Vietnam Veterans and the Risk of Asbestos Exposure
Vietnam veterans face a major health risk as a result of exposure to asbestos exposure. Asbestos exposure is the sole cause of mesothelioma, a fatal cancer affecting the cells lining vital organs. Because mesothelioma takes decades to emerge, many veterans of the Vietnam War who were exposed to asbestos during their service may only now be ill from this dreadful disease.
It is tragically ironic that the brave people who fought for our country during the Vietnam War survived the risks associated with military conflict in hostile enemy territory only to now face a life-threatening illness from the hidden danger of exposure to asbestos while on active duty.
Vietnam Military Personnel Who Might Have Suffered Asbestos Exposure
Asbestos exposure may have occurred among the 9,087,000 total veterans who served in Vietnam, especially during the most active years of US involvement from 1965 to 1975. Those affected could have included:
3,403,100 (including 514,300 offshore) veterans who served in the Southeast Asia Theater – Vietnam, Laos, Cambodia, flight crews based in Thailand and sailors stationed in the South China Sea.
2,594,000 veterans who served within the borders of South Vietnam
( January 1965 – March 1973)
7,484 women who served in Vietnam, of whom 6,250 or 83.5% were nurses.
The number of living Vietnam veterans was recently estimated to be 7,391,000. These surviving veterans of the Vietnam conflict were likely exposed to asbestos during their years of service to our country. They may start to experience symptoms of mesothelioma after a latency period of as much of 50 years following their asbestos exposure.
Why Were Vietnam Veterans Exposed to Asbestos?
Veterans of the U.S. Military, many of them Vietnam veterans, account for nearly a third of all mesothelioma diagnoses because of the military’s heavy reliance on asbestos during most of the 20th century. Why? Asbestos was once highly valued for its heat resistance and fire-proofing qualities. This made it a useful material for every branch of the military. All modes of military transportation including ships, tanks, jeeps and aircraft contained asbestos.
Asbestos was used in electric wiring insulation, brake pads and clutch pads on jeeps, tanks and aircraft. Military housing and other buildings on bases were constructed with building materials containing asbestos.
It wasn’t until the mid 1970s, after public outrage and the first lawsuits over the toxicity of asbestos and its lethal consequences, that the military stopped using it. But this was too little too late for Vietnam veterans who had already been exposed to asbestos in the line of duty.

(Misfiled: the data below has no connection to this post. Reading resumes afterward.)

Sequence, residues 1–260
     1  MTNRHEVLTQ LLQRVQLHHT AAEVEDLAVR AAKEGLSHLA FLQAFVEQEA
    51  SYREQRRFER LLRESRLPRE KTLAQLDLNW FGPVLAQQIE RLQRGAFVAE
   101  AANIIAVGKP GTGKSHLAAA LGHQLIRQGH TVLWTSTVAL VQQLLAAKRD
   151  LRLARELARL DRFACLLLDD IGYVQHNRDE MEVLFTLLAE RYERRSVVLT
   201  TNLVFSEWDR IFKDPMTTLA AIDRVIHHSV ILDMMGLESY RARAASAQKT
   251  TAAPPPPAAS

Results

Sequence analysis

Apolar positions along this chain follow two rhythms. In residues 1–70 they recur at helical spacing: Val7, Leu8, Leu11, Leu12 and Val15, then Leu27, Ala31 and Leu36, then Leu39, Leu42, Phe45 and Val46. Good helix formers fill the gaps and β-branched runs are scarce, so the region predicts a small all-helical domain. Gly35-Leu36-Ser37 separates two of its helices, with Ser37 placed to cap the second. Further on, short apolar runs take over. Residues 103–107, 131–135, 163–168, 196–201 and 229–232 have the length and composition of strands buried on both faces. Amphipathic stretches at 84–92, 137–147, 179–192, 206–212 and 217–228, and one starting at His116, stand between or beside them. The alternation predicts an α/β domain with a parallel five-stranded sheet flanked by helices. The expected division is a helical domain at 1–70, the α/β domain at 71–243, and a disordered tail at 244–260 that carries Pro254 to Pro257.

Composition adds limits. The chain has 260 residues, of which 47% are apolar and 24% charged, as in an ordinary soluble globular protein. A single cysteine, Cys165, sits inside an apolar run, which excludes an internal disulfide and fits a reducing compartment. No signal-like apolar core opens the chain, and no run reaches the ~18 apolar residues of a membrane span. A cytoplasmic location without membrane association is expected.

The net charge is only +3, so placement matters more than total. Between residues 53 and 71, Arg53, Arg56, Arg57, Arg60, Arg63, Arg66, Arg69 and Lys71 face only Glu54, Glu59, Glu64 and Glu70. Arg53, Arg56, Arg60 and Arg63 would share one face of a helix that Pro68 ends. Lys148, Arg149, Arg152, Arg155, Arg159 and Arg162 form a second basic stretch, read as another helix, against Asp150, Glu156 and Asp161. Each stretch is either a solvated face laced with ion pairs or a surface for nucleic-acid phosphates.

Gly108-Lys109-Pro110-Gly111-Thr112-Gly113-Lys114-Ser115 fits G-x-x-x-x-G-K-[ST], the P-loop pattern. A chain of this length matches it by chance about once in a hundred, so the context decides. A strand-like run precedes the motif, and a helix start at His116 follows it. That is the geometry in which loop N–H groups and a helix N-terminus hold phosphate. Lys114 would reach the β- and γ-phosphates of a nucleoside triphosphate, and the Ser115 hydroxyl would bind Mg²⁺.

Where Vietnam Veterans Encountered Asbestos
Active members of all the branches of service in Vietnam–Army, Marines, Air Force and Navy – were in conditions with a high likelihood of exposure to asbestos. These veterans worked in repair shops stocked with asbestos-containing machinery, rode by land, air and sea in battle vehicles with asbestos parts, and lived in structures containing asbestos. Veterans of the Vietnam War were exposed to asbestos fibers through close proximity to:
- ceiling tiles
- flooring and flooring tiles
- wall insulation
- vehicle brakes, gaskets, and insulation
- asbestos cement used for foundations
- base operations facilities
The veterans most at risk from their Vietnam service are those who served in the Navy. All US battle ships commissioned between 1930 and 1970 contained tons of asbestos insulation in engine rooms, miles of piping running throughout the ships, and in the doors and walls as fireproofing measures. Although a policy was established in 1975 to end the use of asbestos and materials containing asbestos as a thermal insulation material, this policy came too late for the prevalent use of asbestos in the Navy during the Vietnam War. Asbestos fibers were also incorporated in:
- tiles on Navy ship decks
- electrical cabling in Navy galley ranges
- piping system gaskets and packing
Asbestos Exposure Symptoms
Vietnam veterans were trained to be highly aware of signs that the enemy was approaching. Today Vietnam veterans need to be aware of signs of the enemy that may lurk within. Primary symptoms of pleural (lung membrane) mesothelioma include:
- Shortness of breath
- Coughing, wheezing or hoarseness
- Blood in coughed up fluid
- Fatigue or anemia
- Chest pain due to accumulation of fluid around the lungs
Although these symptoms are shared by other illnesses, their presence combined with a history of service in Vietnam with likely asbestos exposure means it’s important to have a doctor test you for mesothelioma. If the diagnosis is confirmed, you may qualify for special financial benefits from the Veterans Administration. You may also have the right to compensation from companies that made or supplied or installed the asbestos that harmed you. If so, you could receive compensation either through a court settlement or from bankruptcy trusts set up by the companies. Either way, be sure to consult an experienced asbestos attorney.